8 111 INFLUENZA Raphael Dolin DEFINITION Influenza is an acute respiratory illness caused by infection with influenza viruses. The illness affects the upper and/or lower respiratory tract and is often accompanied by systemic signs and symptoms such as fever, headache, myalgia, and weakness. Outbreaks of illness of variable extent and severity occur nearly every winter. Such outbreaks result in significant morbidity in the general population and in increased mortality rates among certain high-risk patients, mainly as a result of pulmonary complications. ETIOLOGIC AGENT Influenza viruses are members of the Orthomyxoviridae family, of which influenza A, B, and C viruses constitute three separate genera. The designation of influenza viruses as type A, B, or C is based on antigenic characteristics of the nucleoprotein (NP) and matrix (M) protein antigens. Influenza A viruses are further subdivided (subtyped) on the basis of the surface hemagglutinin (H) and neuraminidase (N) antigens (see below); individual strains are designated according to the site of origin, isolate number, year of isolation, and subtype-for example, influenza A/Moscow/10/99 (H3N2). Influenza A has 15 distinct Hand 9 distinct N subtypes, of which only H1, H2, H3, Nl, and N2 have been associated with extensive outbreaks of disease in humans. Influenza B and C viruses are similarly designated, but Hand N antigens from these viruses do not" receive subtype designations, since intratypic variations in influenza B antigens are less extensive than those in influenza A viruses and may not occur with influenza C virus. Influenza A and B viruses are major human pathogens and the most extensively studied of the Orthomyxoviridae. The type A and type B viruses are morphologically similar. The virions are irregularly shaped spherical particles, 80 to 120 nm in diameter, and have a lipid envelope from the surface of which the H and N glycoproteins project (Fig ). The hemagglutinin is the site by which virus binds to cell receptors, whereas the neuraminidase degrades the receptor and plays a role in the release of virus from infected cells after replication has t!lken.place. Influenza viruses enter cells by receptor-mediated endocytosis, forming a virus-containing endosome. The viral hemagglutinin mediates fusion of the endosomal membrane withlhe virus envelope, arf'd viral nucleocapsids are subsequently released into the cytoplasm. Antibodies to the H antigen are the major determinants of immunity to influenza virus, while those to the N antigen limit viral spread and contribute to reduction of the infection. The inner surface of the lipid envelope contains them proteins M1 and M2, which are involved in stabilization of the lipid envelope and in virus assembly. The virion also contains the NP antigen, which is associated with the viral genome, as well as three polymerase (P) proteins that are essential for transcription and synthesis of viral RNA. Two nonstructural proteins function as an interferon antagonist and posttranscriptional regulator (NS1) and a nuclear export factor (NS2 or NEP). The genomes of influenza A and B viruses consist of eight singlestranded RNA segments, which code for the structural and nonstruc- tural proteins. Because the genome is segmented, the opportunity t gene reassortment during infection is high; reassortment often occ or during infection of cells with more than one influenza A virus. urs EPIDEMIOLOGY Influenza outbreaks are recorded virtually every ye although their extent and severity vary widely. Localized outbreaks; place at variable intervals, usually every 1 to 3 years. Except in the pa e 25 years, global epidemics or pandemics have occurred approximatett every 10 to 15 years since the pandemic (Table 171-l). y The most extensive and severe outbreaks are caused by influenza A viruses, in part because of the remarkable propensity of the H and N antigens of these viruses to undergo periodic antigenic variation. Major antigenic variations, called antigenic shifts, may be associated with pandemics and are restricted to influenza A viruses. Minor variations are called antigenic drifts. These types of antigenic variation may involve the hemagglutinin alone or both the hemagglutinin and the neuraminidase. An example of an antigenic shift involving both the hemagglutinin and the neuraminidase is that of 1957, when the predominant influenza A virus subtype shifted from H1N1 to H2N2 this shift resulted in a severe pandemic, with an estimated 70,000 excess deaths (i.e., deaths in excess of the number expected without an influenza epidemic) in the United States alone. In 1968, an antigenic shift involving only the hemagglutinin occurred (H2N2 to H3N2); the subsequent pandemic was less severe than that of In 1977, an H1N1 virus emerged and caused a pandemic that primarily affected younger individuals (i.e., those born after 1957). As can be seen in Table 171-1, H1N1 viruses circulated from 1918 to 1956; thus, individuals born prior to 1957 would be expected to have some degree of immunity to H1N1 viruses. During most outbreaks of influenza A, a single subtype has circulated at a time. However, since 1977, HINI and H3N2 viruses have circulated simultaneously, resulting in outbreaks of varying severity. In some outbreaks, influenza B viruses have also circulated simultaneously with influenza A viruses. The origin of pandemic strains is unlmown. Given the marked differences between the primary structures of the hemagglutinins of different subtypes of influenza A viruses (H1, H2, and H3), it seems unlikely that antigenic shifts result from spontaneous mutations in the hemagglutinin gene. Because the segmented genome of influenza viruses may result in high rates of reassortment, it has been suggested that pandemic strains may emerge by reassortment of genes between human and animal influenza A viruses that are known to have a broad host range of infection. There was concern that such reassortment might have occurred in 1997 in Hong Kong, where cases of infection caused by influenza virus A/H5N1 were detected in humans during an -extensive outbreak of avian influenza A/H5N1 in poultry. However, only a few cases of A/H5N1 influenza in humans were documented, and the infection did not spread into the c<;>mmunity. Recently, H9N2 -viruses, which circulate in poultry and swine, have also been associated with limited infections in humans. Influenza B viruses have a much more restricted host range and do not undergo antigenic shifts, although they do undergo antigenic drift. TABLE Emergence of Antigenic Subtypes of Influenza A Virus Associated with Pandemic or Epidemic Disease... Years Subtype Extent of Outbreak ~~~=~~ 1918"-19. :>:iilni"(foirnedyhswn1)'. _ Severe pandemic... --~~~; _, ;J.~ ~. :... : : ~~6~:;~~;~~mic ' 1933,-) H1N1/. (foi:rrierly lioni) f',: -Mild epidemic ;~~~}:~~- - ;.-~~~1':./,.<',,.... :, ' ::~~:r:p~::~:~ic :.69.' JI3N2 > Moderate pandemic ~78<,/ H1Nl., Mild pandemic FIGURE An electron micrograph of infiuenza A virus (Xl40,000). As detennined by retrospective serologic survey of individuals alive during those years ("seroarcheology"). Hemagglutinins fonnerly designated as Hsw and HOare now classified as variants of H 1,. From this time until the present ( ), viruses of the HIN 1 and H3N2 subtypes have circulated either in alternating years or concurrently.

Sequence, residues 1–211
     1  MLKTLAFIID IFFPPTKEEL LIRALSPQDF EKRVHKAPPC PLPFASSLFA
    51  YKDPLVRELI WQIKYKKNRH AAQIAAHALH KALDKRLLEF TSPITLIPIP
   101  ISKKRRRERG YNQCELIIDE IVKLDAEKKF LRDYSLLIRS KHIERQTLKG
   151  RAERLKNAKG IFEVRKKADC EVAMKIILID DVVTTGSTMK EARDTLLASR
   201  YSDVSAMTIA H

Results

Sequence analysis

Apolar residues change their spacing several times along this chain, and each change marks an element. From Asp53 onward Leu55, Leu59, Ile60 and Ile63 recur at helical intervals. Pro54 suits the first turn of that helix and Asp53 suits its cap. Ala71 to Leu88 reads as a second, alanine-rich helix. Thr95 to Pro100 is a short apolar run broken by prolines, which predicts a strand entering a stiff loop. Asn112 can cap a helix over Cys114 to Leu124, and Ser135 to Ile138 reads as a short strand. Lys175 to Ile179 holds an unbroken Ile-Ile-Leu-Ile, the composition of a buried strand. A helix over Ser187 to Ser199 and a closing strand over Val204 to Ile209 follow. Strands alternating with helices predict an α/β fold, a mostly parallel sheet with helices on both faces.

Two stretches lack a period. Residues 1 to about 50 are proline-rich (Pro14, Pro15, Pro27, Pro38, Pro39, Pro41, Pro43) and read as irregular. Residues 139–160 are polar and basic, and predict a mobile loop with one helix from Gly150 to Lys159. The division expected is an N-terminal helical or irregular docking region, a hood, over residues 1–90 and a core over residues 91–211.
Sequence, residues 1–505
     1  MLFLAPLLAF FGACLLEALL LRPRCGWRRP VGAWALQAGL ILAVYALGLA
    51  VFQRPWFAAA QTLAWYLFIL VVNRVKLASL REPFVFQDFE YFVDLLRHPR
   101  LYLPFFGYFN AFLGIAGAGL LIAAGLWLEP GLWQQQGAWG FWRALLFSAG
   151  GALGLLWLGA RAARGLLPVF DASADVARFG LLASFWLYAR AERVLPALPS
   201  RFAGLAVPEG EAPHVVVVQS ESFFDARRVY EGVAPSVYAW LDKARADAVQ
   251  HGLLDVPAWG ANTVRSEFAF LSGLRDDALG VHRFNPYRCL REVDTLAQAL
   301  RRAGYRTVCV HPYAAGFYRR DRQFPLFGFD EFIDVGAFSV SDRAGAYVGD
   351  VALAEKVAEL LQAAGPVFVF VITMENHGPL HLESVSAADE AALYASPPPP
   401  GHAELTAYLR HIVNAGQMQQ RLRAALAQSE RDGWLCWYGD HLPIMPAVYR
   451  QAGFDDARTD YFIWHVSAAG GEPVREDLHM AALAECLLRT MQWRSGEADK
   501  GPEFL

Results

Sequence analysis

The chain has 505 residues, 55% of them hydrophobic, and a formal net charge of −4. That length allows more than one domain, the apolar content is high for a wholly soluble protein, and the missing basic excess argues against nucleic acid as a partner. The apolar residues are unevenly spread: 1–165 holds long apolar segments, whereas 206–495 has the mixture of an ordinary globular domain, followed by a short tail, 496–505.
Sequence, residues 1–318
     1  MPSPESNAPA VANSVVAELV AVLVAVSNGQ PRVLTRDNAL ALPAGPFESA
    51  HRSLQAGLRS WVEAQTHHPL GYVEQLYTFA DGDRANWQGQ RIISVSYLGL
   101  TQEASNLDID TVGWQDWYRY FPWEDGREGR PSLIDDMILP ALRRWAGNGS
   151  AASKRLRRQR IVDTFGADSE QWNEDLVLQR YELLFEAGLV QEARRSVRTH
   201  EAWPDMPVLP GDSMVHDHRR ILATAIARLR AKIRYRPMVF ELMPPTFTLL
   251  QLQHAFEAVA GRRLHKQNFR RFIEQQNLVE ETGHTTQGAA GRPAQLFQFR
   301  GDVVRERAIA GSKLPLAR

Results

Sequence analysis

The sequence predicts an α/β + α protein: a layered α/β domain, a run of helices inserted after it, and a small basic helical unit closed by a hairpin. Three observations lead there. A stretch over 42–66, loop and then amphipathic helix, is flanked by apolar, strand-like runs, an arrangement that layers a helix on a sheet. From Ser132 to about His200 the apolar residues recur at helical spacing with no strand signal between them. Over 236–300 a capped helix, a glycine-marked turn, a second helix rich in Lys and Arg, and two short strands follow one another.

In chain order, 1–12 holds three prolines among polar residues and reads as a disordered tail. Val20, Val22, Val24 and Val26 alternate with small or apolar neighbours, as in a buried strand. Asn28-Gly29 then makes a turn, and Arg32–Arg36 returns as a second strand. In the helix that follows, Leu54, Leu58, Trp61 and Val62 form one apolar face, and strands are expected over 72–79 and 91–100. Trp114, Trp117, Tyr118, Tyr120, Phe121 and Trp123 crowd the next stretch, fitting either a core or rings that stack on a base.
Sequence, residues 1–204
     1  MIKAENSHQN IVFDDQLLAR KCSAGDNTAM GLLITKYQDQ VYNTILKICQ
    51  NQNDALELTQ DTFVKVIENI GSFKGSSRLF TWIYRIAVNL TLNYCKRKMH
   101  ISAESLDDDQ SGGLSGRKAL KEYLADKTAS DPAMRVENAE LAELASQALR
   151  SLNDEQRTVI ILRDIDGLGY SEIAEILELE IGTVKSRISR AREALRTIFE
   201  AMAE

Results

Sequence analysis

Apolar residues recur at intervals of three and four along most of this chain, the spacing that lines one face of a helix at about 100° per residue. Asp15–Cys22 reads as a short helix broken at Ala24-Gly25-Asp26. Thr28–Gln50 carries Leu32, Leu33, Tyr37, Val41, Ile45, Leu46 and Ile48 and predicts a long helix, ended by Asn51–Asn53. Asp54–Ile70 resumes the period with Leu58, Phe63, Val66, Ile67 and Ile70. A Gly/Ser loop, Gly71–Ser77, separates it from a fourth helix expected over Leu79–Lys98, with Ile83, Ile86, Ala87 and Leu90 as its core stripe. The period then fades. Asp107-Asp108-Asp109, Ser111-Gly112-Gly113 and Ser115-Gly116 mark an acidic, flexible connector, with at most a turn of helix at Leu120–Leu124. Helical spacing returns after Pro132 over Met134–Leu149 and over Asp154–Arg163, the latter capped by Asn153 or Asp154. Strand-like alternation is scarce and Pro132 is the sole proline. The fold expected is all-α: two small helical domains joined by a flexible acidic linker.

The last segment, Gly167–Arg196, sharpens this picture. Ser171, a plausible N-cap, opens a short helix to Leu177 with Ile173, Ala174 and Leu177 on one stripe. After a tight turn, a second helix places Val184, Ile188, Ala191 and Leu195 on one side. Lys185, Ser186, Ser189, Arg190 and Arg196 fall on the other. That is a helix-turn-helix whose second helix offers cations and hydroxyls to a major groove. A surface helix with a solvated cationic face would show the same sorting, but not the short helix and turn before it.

9 Pandemics provide the most dramatic evidence of the impact of influenza. However, illnesses that occur between pandemics account for greater total mortality and morbidity, albeit over a longer period. From 1972 through the present, influenza has been associated with at least 20,000 excess deaths during more than half of the interpandemic epidemics in the United States; >40,000 influenza-associated deaths occurred in each of six of these epidemics. Influenza A viruses that circulate between pandemics demonstrate antigenic drifts in the H antigen. These antigenic drifts apparently result from point mutations involving the RNA segment that codes for the hemagglutinin, which occurs most frequently in five hypervariable regions. Epidemiologically significant strains-that is, those with the potential to cause widespread outbreaks-exhibit changes in amino acids in at least two of the major antigenic sites in the hemagglutinin molecule. Since two point mutations are unlikely to occur simultaneously, it is believed that antigenic drifts result from point mutations occurring sequentially during the spread of virus from person to person. Antigenic drifts have been reported nearly annually since 1977 for H1Nl viruses and since 1968 for H3N2 viruses. Influenza A epidemics begin abruptly, peak over a 2- to 3-week period, generally last for 2 to 3 months, and often subside almost as rapidly as they began. The first indication of influenza activity in a community is an increase in the number of children with febrile respiratory illnesses who present for medical attention. This increase is followed by increases in rates of influenza-like illnesses among adults and eventually by an increase in hospital admissions for patients with pneumonia, worsening of congestive heart failure, and exacerbations of chronic pulmonary disease. Rates of absence from V(Ork and school also rise at this time. An increase in the number of de-aths caused by pneumonia and influenza is generally a late observation in an outbreak. Attack rates have been highly variable from outbreak to outbreak but most commonly are in the range of 10 to 20% of the general population. During the pandemic of 1957, it was estimated that the attack rate of clinical influenza exceeded 50% in urban populations and that an additional 25% or more of individuals in these populations may have been subclinically infected with influenza A virus. Among institutionalized populations and in. semiclosed settings with many sus~eptible individuals, even higher attack rates have been reported. Epidemics of influenza occur almost exclusively duripg the winter months in the temperate zones of the northern and southern l!t:mispheres. In those locations, it is highly unusual to detect influenza A virus at other times, although serologic rises or even outbreaks have been noted rarely during warm-weather months. In contrast, influenza virus infections occur throughout the year in the tropics. Where or how influenza A virus persists between outbreaks in temperate zones. is unknown. It is possible that influenza A viruses are maintained in the human population on a worldwide basis by person-to-person transmission and that large population clusters support a low level of interepidemic transmission. Alternatively, human strains may persist in animal reservoirs. Convincing evidence to support either explanation is not available. In the modern era, rapid transportation may contribute to the transmission of viruses among widespread geographic locales. The factors that result in the inception and termination of outbreaks of influenza are incompletely understood. A major determinant of the extent and severity of an outbreak is the level of immunity in the population at risk. With the emergence of an antigenically novel influenza virus to which little or no antibody is present in a community, extensive outbreaks may occur. When the absence of antibody is worldwide, epidemic disease may spread around the globe, resulting in a pandemic. Such pandemic waves can continue for several years, until immunity in the population reaches a high level. In the years following pandemic influenza, antigenic drifts among influenza viruses result in outbreaks of variable severity in populations with high levels of immunity to the pandemic strain that circulated earlier. This situ~tion persists until another antigenically novel pandemic strain emerges. On the other hand, outbreaks sometimes end despite the persistence of a large pool of susceptible individuals in the population. Occasionally, the emergence of a significantly different antigenic 171 Influenza 1067 variant will result only in a localized outbreak. The swine influenza outbreak of 1976 in the United States, caused by an A/BINI virus antigenically similar to the virus that circulated in , may be an example, although this outbreak may have represented simply the introduction of a swine influenza virus into a crowded human population without spread beyond that setting. The cluster of human infections with influenza A/H5Nl in Hong Kong in 1997 may also be an example of this phenomenon. It has been suggested that certain viruses, such as recently circulating A/HlNl strains, may be intrinsically less virulent and cause less severe disease than other variants, even in immunologically virgin subjects. If so, then other (undefined) factors besides the level of preexisting immunity must play a role in the epidemiology of influenza. Influenza B virus causes outbreaks that are generally less extensive and are associated with less severe disease than those caused by influenza A virus. The hemagglutinin and neuraminidase of influenza B virus undergo less frequent and less extensive variation than those of influenza A viruses; this characteristic may account, in part, for the lesser extent of disease. Influenza B outbreaks are seen most frequently in schools and military camps, although outbreaks in institutions in which elderly individuals reside have also been noted on occasion. The most serious complication of influenza B virus infection is Reye' s syndrome (Chap. 290). In contrast to influenza A and B viruses, influenza C virus appears to be a relatively minor cause of disease in humans. It has been associated with common cold-like symptoms and occasionally with lower respiratory tract illness. The wide prevalence of serum antibody to this virus indicates that asymptomatic infection may be common. The morbidity and mortality caused by influenza outbreaks continue to be substantial. Most individuals who die in this setting have underlying diseases that place them at high risk for complications of influenza. Excess hospitalizations for adults and children with highrisk medical conditions have ranged from 56 to 1900 per 100,000 during recent outbreaks of influenza. The most prominent high-risk conditions are chronic cardiac and pulmonary diseases and old age. Mortality among individuals with chronic metabolic, renal, and certain immunosuppressive diseases has also been elevated, although lower than that among patients with chronic cardiopulmonary diseases. The morqi,dity attributable to influenza in the general population is considerable. It is estimated -that interpandemic outbreaks of influenza currently incur annual costs of $12 billion in the United States. If a pandemic were to occur, it is estimated that annual costs would range fr.om $71 to $167 billion for attack rates of 15 to 35%. PATHOGENESIS AND IMMUNITY The initial event in influenza is infection of the respiratory epithelium with influenza virus acquired from respiratory secretions of acutely infected individuals. In all likelihood, transmission occurs via aerosols generated by coughs and sneezes, although hand-to-hand contact, other personal contact, and even fomite transmission may take place. Experimental evidence suggests that infection by a small-particle aerosol (particle diameter< 10 pm) is more efficient than that by larger droplets. Initially, viral infection involves the ciliated columnar epithelial cells, but it may also involve other respiratory tract cells, including alveolar cells, mucous gland cells, and macrophages. In infected cells, virus replicates within 4 to 6 h, after which infectious virus is released to infect adjacent or nearby cells. In this way, infection spreads from a few foci to a large number of respiratory cells over several hours. In experimentally induced infection, the incubation period of illness has ranged from 18 to 72 h, depending on the size of the viral inoculum. Histopathologic study reveals degenerative changes, including granulation, vacuolization, swelling, and pyknotic nuclei, in infected ciliated cells. The cells eventually become necrotic and desquamate; in some areas, previously columnar epithelium is replaced by flattened and metaplastic epithelial cells. The severity of illness is correlated with the quantity of virus shed in secretions; thus, the degree of viral replication itself may be an important